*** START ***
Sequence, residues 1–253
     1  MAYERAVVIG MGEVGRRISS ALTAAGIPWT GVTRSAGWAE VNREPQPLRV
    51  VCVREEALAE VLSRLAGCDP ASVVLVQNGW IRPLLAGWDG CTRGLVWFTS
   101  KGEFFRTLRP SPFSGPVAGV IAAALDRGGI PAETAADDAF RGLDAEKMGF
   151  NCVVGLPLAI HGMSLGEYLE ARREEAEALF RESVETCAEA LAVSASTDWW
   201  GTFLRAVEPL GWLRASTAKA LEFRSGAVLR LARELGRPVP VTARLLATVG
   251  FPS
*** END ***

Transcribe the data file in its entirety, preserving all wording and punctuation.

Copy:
Sequence, residues 1–253
     1  MAYERAVVIG MGEVGRRISS ALTAAGIPWT GVTRSAGWAE VNREPQPLRV
    51  VCVREEALAE VLSRLAGCDP ASVVLVQNGW IRPLLAGWDG CTRGLVWFTS
   101  KGEFFRTLRP SPFSGPVAGV IAAALDRGGI PAETAADDAF RGLDAEKMGF
   151  NCVVGLPLAI HGMSLGEYLE ARREEAEALF RESVETCAEA LAVSASTDWW
   201  GTFLRAVEPL GWLRASTAKA LEFRSGAVLR LARELGRPVP VTARLLATVG
   251  FPS